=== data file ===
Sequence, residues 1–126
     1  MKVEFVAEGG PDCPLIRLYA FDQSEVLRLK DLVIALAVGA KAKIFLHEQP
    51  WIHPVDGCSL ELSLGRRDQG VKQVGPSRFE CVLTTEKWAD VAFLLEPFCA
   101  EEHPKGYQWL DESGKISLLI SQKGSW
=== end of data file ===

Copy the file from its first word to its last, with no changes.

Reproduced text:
Sequence, residues 1–126
     1  MKVEFVAEGG PDCPLIRLYA FDQSEVLRLK DLVIALAVGA KAKIFLHEQP
    51  WIHPVDGCSL ELSLGRRDQG VKQVGPSRFE CVLTTEKWAD VAFLLEPFCA
   101  EEHPKGYQWL DESGKISLLI SQKGSW